* Dollar struggles vs high-yielders as Fed meeting nears
* SNB intervenes in Swiss franc forward market
* Merkel repeats opposition to euro zone bond idea (Updates prices)
By Wanfeng Zhou
NEW YORK, Aug 22 (Reuters) - The dollar fell against some commodity-linked currencies on Monday as investors speculated the Federal Reserve could take new measures to boost the U.S. economy, lifting appetite for riskier assets.
The euro wobbled against the dollar for fear the European Union was moving too slowly to address its debt and banking crisis, while Swiss authorities tried to drive down the franc.
The Fed will host its annual retreat in Wyoming this week, and recent market turmoil and signs of weaker U.S. growth have boosted expectations Fed Chairman Ben Bernanke may hint at more emergency stimulus for the economy.
At last year's meeting Bernanke hinted at what eventually became a $600 billion 'quantitative easing' bond-buying program, known as QE2.
"The Fed is definitely on people's minds, and you could argue that some of the bounce seen in high-yield commodity currencies is at least in part related to hopes for more policy measures," said Wells Fargo strategist Vassili Serebriakov in New York.
The Australian dollar AUD=D4 was last up 0.2 percent at $1.0414. The New Zealand dollar NZD=D4 rose 1 percent to $0.8241 while the greenback slipped 0.1 percent to 0.9894 Canadian dollar CAD=D4.
Fed easing increases the amount of dollars in the system, pushing down the currency's value and U.S. interest rates. That encourages investors to seek higher returns in stocks or other currencies. But some analysts said Bernanke may hold off on aggressive easing plans. For more see [ID:nN1E77I0NF].
Karl Schamotta, senior market strategist at Western Union Business Solutions in Calgary, said that with the financial system already awash with cheap money, providing additional liquidity is extremely risky. In addition, the markets are already doing the central bank's work by pushing Treasury yields to shockingly low levels.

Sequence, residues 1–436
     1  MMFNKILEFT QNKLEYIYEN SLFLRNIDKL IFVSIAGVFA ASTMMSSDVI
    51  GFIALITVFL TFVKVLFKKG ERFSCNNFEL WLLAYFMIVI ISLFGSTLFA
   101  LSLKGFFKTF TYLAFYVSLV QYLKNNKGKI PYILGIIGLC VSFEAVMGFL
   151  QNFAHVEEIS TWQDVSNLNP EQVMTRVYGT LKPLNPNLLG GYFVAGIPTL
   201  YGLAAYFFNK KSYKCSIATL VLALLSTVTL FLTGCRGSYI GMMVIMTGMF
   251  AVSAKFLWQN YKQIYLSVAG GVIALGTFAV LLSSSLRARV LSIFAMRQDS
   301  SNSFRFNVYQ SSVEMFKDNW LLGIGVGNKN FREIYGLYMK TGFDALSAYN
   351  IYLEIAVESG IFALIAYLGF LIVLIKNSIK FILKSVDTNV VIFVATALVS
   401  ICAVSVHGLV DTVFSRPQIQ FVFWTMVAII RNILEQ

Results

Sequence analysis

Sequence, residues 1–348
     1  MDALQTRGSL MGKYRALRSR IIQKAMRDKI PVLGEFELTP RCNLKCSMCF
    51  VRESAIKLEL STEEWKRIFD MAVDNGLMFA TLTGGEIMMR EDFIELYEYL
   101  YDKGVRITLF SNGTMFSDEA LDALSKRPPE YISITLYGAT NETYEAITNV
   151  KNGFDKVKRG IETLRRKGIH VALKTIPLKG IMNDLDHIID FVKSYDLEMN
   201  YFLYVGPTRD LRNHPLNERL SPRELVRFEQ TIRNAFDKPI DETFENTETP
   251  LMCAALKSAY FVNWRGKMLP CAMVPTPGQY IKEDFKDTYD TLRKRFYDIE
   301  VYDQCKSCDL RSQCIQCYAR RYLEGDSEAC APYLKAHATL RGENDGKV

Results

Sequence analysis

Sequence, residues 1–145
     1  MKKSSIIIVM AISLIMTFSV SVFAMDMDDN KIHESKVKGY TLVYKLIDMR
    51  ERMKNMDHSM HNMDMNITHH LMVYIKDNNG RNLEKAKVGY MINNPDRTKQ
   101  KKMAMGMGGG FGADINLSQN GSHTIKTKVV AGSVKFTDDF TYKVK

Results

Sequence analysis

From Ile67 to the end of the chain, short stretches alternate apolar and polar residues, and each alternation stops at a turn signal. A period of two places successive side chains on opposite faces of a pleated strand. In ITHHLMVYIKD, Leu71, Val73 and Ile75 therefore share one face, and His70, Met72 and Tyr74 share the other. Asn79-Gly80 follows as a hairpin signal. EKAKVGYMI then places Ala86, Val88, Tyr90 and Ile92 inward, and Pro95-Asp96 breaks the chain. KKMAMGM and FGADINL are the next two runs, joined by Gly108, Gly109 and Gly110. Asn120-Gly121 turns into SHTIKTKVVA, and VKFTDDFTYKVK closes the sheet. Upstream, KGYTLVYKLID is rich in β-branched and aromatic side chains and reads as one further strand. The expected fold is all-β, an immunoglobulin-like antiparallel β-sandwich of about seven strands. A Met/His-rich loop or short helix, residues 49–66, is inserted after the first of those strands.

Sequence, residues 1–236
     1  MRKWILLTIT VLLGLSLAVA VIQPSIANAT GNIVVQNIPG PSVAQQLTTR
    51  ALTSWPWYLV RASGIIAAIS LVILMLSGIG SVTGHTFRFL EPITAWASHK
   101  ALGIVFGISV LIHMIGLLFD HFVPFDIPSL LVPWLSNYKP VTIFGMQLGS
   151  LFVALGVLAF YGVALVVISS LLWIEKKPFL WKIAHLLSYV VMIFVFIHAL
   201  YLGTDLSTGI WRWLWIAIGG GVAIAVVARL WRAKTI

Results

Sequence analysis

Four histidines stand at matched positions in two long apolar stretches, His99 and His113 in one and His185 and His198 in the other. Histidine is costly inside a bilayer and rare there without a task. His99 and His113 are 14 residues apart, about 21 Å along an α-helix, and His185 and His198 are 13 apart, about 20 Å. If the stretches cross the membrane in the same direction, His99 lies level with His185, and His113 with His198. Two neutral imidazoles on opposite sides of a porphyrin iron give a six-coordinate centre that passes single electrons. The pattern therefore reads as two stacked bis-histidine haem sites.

"Investors looking for a third round of large-scale asset purchases are likely to be disappointed," he said. "Those looking for another injection of cheap liquidity may express their disappointment by pushing short yields and the dollar upward."
The latest positioning data shows speculators increased their bets against the dollar last week. [IMM/FX]
The euro EUR= traded down 0.2 percent at $1.4361. Concern about the European debt crisis rose after German Chancellor Angela Merkel on Sunday rebuffed calls for joint euro-denominated bonds as a way for fiscally weak euro zone countries to borrow. [ID:nL5E7JJ3MN]
SWISSIE, YEN IN SPOTLIGHT
The euro and dollar edged up against the Swiss franc CHF=EBS EURCHF=EBS. Traders said the Swiss National Bank intervened in the one-month forward market to deter investors from buying the currency CHF1M= EURCHF1M= [ID:nL5E7JM0SD]. The SNB declined comment.
The euro EURCHF= traded 0.4 percent higher at 1.1346 francs. The franc has soared to record highs against both currencies as fear about Europe's debt crisis and the U.S. economy pushed investors toward the traditional safe haven. A strong franc hurts Swiss exports and tourism.
The dollar rose slightly against the yen but remained near its all-time low, last trading at 76.78 yen JPY=EBS.
Credit Suisse currency strategists said that while "the risk of intervention seems to be rising, we think the main impact would be to slow rather than stop yen appreciation."
Those looking for a more fairly valued safe-haven currency should consider Norway's crown, said Lena Komileva, global head of G10 strategy at Brown Brothers Harriman in London.
Norway's fiscal stimulus sets it apart from indebted countries that are being forced into austerity programs, while a tight labor market should preclude near-term rate cuts.
The dollar was down 0.2 percent at 5.4505 crowns NOK=. (Additional reporting by Steven C. Johnson; Editing by James Dalgleish)